- The first secure end-to-end platform from this tie-up will be the Shield96
- Arrow aims to augment Microchip’s smart, connected, secure portfolio with engineering services
Microchip Technology and Arrow Electronics have teamed up to simplify connectivity and security across industrial, smart building and energy markets. Arrow aims to augment Microchip’s smart, connected, secure portfolio with engineering services. This will be done so that the original equipment manufacturers (OEMs) can decrease their time to market.
This will also help to meet the requirements in recent government legislations and NIST IoT security guidelines. The first secure end-to-end platform from this tie-up will be the Shield96. The companies claimed that this platform will help OEMs to have the needed security foundation integrated into the reference design
Protection, data security, and individuals’ privacy
Mitch Little, senior vice president of worldwide client engagement at Microchip Technology said, “Technology, pervasively, is embedded in everything. Every industry and every system are being fundamentally shaped by connected edge technology — it is happening in our homes, our work and our factories. These intelligent edge systems are running fundamental and critical executions, and they must be secure.”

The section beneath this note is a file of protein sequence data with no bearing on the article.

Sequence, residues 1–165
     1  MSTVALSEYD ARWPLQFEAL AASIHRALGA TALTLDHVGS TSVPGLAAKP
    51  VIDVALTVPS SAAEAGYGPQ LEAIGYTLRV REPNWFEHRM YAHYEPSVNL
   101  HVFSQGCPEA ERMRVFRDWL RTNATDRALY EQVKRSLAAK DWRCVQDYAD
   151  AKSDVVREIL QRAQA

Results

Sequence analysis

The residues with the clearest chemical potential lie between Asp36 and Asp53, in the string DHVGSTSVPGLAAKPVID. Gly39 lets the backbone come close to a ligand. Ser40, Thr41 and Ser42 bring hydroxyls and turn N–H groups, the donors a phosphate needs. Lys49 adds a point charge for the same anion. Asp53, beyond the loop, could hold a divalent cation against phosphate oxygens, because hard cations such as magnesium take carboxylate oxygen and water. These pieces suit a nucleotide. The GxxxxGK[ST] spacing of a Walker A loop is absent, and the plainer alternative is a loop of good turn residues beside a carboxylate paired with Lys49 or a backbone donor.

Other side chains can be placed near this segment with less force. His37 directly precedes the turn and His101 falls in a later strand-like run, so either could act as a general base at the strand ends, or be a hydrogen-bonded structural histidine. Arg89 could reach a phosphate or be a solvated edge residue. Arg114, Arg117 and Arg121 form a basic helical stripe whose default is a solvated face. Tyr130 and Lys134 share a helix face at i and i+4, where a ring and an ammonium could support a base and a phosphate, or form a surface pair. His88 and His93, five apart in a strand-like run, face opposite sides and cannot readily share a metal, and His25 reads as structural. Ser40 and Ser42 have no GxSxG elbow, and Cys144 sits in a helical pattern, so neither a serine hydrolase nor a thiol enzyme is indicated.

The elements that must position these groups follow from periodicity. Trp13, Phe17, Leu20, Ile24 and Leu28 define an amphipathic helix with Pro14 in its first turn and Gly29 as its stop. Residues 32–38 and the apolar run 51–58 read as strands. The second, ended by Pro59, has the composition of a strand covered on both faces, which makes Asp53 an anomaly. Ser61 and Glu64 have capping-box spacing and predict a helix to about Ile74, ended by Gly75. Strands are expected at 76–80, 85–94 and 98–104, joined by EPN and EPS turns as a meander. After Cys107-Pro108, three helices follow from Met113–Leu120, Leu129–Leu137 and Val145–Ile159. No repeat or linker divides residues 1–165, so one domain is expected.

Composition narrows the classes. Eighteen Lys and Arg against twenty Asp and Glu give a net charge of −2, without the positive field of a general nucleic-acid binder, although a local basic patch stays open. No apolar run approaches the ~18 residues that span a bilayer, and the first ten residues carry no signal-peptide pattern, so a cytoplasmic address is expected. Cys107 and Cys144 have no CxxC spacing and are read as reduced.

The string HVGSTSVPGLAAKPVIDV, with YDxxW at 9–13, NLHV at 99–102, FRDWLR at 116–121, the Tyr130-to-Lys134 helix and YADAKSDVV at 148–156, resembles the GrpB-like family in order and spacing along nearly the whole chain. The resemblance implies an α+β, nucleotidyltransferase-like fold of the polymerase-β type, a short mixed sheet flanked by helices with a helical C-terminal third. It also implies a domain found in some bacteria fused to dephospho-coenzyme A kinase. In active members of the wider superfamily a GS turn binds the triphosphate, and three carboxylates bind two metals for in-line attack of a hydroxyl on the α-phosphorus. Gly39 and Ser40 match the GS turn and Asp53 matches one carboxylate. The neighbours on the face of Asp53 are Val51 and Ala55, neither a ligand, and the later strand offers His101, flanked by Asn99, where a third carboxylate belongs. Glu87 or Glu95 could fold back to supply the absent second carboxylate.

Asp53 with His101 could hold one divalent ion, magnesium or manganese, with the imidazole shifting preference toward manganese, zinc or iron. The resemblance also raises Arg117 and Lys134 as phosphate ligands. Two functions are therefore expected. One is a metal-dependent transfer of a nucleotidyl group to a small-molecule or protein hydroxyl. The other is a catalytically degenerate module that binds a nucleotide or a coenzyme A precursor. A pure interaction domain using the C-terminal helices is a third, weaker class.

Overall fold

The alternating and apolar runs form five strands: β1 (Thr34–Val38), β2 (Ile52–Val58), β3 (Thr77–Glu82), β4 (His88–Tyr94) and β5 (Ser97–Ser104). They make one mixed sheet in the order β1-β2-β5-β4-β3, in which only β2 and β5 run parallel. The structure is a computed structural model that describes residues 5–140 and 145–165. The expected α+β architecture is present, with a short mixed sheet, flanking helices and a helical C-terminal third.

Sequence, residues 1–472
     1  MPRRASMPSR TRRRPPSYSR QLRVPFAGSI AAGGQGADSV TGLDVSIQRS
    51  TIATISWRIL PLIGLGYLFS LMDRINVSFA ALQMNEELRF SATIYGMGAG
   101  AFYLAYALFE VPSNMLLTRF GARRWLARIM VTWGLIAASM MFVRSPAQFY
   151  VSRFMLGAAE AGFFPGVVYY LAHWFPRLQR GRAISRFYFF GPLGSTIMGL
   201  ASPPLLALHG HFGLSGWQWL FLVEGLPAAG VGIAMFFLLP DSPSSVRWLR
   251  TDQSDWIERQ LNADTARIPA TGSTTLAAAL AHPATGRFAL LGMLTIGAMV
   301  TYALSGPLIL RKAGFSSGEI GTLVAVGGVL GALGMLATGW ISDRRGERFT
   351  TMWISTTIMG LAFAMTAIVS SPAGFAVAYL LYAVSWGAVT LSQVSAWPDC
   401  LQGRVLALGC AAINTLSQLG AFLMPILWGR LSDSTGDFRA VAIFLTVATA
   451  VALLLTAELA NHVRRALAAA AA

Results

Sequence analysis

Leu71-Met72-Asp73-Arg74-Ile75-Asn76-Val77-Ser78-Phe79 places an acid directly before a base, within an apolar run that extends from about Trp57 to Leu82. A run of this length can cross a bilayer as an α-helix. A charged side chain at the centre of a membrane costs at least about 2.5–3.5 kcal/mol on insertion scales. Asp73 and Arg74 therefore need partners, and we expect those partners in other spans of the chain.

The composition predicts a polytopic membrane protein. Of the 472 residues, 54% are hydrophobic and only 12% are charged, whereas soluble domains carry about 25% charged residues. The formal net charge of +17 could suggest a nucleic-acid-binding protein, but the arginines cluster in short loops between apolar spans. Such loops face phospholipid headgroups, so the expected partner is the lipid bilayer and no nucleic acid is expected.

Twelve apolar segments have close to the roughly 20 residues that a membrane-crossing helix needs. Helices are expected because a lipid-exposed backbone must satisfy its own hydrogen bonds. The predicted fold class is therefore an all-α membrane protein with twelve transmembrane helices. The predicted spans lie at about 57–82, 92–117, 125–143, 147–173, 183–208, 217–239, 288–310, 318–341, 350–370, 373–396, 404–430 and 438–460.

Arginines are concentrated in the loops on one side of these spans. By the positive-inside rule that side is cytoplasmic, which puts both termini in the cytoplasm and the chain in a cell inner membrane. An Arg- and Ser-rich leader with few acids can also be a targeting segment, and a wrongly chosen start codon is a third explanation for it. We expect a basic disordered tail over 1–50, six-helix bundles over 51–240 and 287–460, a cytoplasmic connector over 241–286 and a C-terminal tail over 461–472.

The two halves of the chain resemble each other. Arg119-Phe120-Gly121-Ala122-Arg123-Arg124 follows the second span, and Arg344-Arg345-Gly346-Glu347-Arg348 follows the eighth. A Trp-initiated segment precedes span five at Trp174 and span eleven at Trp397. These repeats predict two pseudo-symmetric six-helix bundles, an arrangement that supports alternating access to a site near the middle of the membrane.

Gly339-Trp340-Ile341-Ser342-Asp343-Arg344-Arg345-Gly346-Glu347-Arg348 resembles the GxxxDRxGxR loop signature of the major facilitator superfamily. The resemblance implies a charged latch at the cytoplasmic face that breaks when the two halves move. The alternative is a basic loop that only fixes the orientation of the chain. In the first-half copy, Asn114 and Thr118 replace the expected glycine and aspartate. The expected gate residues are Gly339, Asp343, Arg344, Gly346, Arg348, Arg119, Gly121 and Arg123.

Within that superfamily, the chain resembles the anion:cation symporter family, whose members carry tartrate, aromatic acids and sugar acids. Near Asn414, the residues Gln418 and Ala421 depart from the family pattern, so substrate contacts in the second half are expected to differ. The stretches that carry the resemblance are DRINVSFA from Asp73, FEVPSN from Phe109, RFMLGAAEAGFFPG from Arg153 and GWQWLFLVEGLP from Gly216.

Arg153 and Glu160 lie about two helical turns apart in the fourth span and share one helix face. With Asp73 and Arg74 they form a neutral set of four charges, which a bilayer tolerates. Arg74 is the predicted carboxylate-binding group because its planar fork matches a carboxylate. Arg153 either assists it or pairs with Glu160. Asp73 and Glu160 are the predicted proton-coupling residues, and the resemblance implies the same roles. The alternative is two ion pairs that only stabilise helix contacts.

According to NIST, cybersecurity and privacy risks for IoT devices can be categorised in terms of three high-level risk mitigation goals. These are protection, data security, and individuals’ privacy. Microchip’s range of secure product include secured communication, crypto authentication, certificate management, cloud provisioning, data security, encryption services, secure boot and IP protection said the company.
Reduce risk in areas of certification and compliance
David West, senior vice president at Arrow said, “OEMs are embracing engineering service collaboration so that they can augment internal work teams to tackle new technology integration and reduce risk in areas of certification and compliance. Edge device and edge compute applications and systems must now be secured from the sensory layer all the way to the enterprise.”